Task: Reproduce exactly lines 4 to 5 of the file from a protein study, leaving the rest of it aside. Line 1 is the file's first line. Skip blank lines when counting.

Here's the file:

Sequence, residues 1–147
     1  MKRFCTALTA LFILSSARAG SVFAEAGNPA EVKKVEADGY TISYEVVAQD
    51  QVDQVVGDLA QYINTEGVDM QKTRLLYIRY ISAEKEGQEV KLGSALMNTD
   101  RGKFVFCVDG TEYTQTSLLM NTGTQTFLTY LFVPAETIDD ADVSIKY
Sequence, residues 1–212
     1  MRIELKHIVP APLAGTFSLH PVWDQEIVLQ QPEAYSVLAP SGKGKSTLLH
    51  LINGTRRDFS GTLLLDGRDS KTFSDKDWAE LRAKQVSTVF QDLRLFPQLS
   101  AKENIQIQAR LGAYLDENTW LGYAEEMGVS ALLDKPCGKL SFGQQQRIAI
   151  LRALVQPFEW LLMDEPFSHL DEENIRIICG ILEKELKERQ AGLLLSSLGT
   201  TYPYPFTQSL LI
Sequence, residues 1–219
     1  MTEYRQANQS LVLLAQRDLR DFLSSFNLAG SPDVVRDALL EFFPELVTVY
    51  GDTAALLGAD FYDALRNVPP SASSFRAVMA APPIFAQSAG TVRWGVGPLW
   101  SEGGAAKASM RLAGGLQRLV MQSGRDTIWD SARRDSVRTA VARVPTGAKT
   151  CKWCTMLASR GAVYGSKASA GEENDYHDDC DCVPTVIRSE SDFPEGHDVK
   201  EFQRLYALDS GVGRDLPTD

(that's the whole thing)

   101  RGKFVFCVDG TEYTQTSLLM NTGTQTFLTY LFVPAETIDD ADVSIKY
Sequence, residues 1–212